You certainly don’t want your users to provide any financial information on an unsecure site (and indeed in most all cases, e-commerce sites must use secure connections or HTTPS). So ensure that you don’t collect this data on an HTTP connection as a website owner.
In addition, protect yourself when purchasing online by making sure you are on a secure HTTPS connection and that the web address in the browser address field is the correct web address, exactly, from the first segment of the web address to the last segment (the .com or other TLD – top level domain). And too, be aware that hackers are savvy to this notion of HTTPS and people believing they are secure on the web. Hackers have already begun using HTTPS connections themselves so that the phishing links they send to you will go to an HTTPS address with that green closed padlock icon. So yes, while your data is encrypted, it may not be going to a legitimate website address! Again, before submitting sensitive information online, make sure the web address is not only HTTPS, but also the correct web address of the business with whom you want to interact.
While HTTPS will not protect against all attacks, it is important to note that the security community is fully aware of the attacks that can still slip by HTTPS, and is fully capable of developing solutions. The advantage is that once you implement HTTPS, your website will be able to utilize the security improvements of HTTPS implemented by the security community.
Basically, it is time to switch to HTTPS to help make the web in general more secure, as well as your website, and to remove any alert warnings the browser may send to your users trying to contact you or interact with your website.
How do technologies like Let’s Encrypt work?
Websites on a shared server all have the same IP address; but, generally, to obtain an SSL certificate, a website owner needed their own unique IP address. For this reason a website owner had to host their site on a dedicated server with a unique IP address and then obtain an SSL certificate and utilize an HTTPS connection. Both the dedicated server space and the certificate renewed annually.
Note: there were and are exceptions to this rule of one certificate per IP address, but the certificates that worked on shared servers, if that was possible through your web host in the first place, were costly as well.
Also note: it is still generally called an SSL certificate, but that designation has been upgraded to TSL as we covered earlier. And there are many different types of certificates, the most common being the domain-validated certificate, which is the certificate we are concerned about in this article. Other levels of certification may require the verification and legality of the organization itself. At this time we will not cover all the various certificates.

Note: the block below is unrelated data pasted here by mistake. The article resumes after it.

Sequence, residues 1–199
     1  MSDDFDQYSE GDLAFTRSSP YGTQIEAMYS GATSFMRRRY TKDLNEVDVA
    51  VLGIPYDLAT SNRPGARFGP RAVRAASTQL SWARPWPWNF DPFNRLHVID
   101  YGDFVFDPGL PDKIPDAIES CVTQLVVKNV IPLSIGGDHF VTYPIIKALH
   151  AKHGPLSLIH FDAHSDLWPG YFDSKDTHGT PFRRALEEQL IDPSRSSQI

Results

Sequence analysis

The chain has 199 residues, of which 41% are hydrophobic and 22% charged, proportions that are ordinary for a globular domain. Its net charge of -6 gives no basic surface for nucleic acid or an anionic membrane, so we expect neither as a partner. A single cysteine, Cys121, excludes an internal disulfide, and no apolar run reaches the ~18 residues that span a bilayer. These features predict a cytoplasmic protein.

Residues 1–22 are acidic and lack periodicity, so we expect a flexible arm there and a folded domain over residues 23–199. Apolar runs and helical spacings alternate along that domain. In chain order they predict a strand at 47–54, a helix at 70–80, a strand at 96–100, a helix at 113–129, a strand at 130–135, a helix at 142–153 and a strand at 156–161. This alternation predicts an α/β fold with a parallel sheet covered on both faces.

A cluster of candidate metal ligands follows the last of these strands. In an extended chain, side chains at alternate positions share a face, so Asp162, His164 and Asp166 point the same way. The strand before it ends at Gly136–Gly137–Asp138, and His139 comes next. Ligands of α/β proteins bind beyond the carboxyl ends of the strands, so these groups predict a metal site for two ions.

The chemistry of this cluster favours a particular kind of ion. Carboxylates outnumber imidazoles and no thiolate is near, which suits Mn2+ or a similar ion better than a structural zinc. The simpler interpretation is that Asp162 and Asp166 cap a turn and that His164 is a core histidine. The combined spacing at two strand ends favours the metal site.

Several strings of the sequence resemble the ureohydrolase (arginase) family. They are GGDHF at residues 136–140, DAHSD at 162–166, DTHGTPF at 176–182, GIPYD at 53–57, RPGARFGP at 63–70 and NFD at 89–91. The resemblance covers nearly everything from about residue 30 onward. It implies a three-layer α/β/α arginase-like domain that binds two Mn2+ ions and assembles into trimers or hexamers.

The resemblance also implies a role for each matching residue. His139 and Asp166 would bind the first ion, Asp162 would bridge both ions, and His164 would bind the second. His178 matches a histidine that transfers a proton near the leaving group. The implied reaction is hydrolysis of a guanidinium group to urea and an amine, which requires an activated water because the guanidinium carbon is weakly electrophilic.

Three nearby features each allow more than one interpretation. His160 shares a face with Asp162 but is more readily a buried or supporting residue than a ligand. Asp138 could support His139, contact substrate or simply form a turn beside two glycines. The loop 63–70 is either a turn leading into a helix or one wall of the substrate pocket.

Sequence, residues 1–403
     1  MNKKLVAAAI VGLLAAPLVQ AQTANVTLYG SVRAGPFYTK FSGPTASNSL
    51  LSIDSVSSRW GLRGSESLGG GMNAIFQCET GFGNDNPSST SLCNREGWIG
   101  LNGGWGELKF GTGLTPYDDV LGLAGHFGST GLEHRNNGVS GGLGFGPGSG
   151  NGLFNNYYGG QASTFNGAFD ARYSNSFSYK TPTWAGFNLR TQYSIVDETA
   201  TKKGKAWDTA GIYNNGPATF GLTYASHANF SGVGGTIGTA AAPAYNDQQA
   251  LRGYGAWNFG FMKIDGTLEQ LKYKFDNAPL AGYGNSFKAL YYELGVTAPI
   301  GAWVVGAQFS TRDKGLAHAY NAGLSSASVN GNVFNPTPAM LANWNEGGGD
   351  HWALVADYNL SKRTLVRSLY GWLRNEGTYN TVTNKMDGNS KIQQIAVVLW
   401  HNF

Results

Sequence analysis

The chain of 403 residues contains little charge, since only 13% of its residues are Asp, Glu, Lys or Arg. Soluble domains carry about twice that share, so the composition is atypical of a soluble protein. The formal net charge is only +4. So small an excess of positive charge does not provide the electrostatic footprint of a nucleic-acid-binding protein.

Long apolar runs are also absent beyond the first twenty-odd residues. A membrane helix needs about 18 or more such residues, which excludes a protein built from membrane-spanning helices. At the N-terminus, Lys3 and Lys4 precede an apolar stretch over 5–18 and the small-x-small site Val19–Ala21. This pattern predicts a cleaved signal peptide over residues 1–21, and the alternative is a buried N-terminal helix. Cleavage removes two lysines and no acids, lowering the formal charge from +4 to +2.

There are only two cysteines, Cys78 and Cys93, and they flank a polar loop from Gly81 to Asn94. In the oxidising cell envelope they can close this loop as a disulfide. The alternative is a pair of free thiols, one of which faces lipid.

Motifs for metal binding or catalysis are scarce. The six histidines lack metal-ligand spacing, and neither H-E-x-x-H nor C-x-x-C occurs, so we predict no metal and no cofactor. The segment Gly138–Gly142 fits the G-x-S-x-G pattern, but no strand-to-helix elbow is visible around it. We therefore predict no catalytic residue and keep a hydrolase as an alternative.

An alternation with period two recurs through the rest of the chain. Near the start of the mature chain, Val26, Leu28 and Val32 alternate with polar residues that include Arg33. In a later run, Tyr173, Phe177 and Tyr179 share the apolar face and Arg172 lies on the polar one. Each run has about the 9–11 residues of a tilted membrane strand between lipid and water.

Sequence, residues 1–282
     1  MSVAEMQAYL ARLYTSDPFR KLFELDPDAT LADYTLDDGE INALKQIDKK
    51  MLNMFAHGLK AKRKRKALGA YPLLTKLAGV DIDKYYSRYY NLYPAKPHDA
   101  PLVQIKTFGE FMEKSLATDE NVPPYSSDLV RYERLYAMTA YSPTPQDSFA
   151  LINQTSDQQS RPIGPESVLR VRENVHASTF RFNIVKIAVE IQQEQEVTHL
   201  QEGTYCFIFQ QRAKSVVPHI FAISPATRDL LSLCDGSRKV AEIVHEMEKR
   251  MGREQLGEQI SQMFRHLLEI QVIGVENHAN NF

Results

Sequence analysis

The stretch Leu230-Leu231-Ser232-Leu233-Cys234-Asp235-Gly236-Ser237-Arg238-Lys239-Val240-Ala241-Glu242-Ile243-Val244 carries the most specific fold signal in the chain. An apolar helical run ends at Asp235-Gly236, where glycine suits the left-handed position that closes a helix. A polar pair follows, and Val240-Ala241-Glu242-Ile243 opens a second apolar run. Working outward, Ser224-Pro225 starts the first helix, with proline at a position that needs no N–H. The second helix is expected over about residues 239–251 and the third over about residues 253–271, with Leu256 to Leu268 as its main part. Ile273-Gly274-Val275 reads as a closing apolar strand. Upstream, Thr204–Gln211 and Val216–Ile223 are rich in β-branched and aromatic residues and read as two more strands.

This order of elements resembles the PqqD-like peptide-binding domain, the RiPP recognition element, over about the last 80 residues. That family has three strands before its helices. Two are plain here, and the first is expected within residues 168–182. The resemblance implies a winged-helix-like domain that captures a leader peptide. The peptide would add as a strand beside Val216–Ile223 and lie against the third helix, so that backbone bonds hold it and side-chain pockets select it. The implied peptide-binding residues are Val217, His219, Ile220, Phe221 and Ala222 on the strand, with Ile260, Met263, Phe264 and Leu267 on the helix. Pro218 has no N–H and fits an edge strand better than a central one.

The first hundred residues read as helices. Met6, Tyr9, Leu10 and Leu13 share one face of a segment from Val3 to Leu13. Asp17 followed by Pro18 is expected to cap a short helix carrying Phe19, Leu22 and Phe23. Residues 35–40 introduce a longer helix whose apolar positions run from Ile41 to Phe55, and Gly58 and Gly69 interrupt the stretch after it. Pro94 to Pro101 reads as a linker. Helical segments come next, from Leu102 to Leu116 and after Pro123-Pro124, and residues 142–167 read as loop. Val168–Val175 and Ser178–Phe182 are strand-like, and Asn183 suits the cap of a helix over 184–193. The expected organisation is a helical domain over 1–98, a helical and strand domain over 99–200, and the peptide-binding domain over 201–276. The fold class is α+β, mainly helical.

Then came along a new technology, Server Name Indication or SNI.
SNI is an extension to the TLS protocol and allows a web server to present multiple domain-validated certificates, thereby allowing multiple websites to use HTTPS that are on a shared server.
Let’s Encrypt works through this SNI technology.
Let’s Encrypt will look at the domain name being requested on a shared server and issue one or more sets of challenges to the server to make sure the server is indeed in control of and manages the website. Once Let’s Encrypt determines the connection is valid it automatically issues a domain-validated certificate to establish a secure connection.
Through technologies like Let’s Encrypt you do not need to buy costly dedicated server space or certificates to obtain a secure encrypted website connection for your users. Theses types of free, automated, and open certificates last for 90 days, and are automatically renewed. And if needed either CCB Creative or your IT division can insure these certificates have been successfully renewed.
Let’s Encrypt is an open certificate authority (CA) run for the public’s benefit. It is a service provided by the Internet Security Research Group (ISRG). It is free, and the encryption process is automated.
Again, there are several types of certificates a website can obtain for an HTTPS connection, but at this time the domain-validated certificates, which are the mostly widely used certificates, are the only ones issued by Let’s Encrypt.
And more complex certificates are still required for organizations handling highly sensitive information such as financial data and specific ID information which include health records, and the like. These organizations must meet additional standards to receive dedicated certificates.
Published by Cindy Barnard, web content strategist
Molding my "Approach to Art and the Written Word" by observing color and following light, form, and time. Always learning new ways of working and interacting within local and online communities. Taking in the sights and sounds and making notes.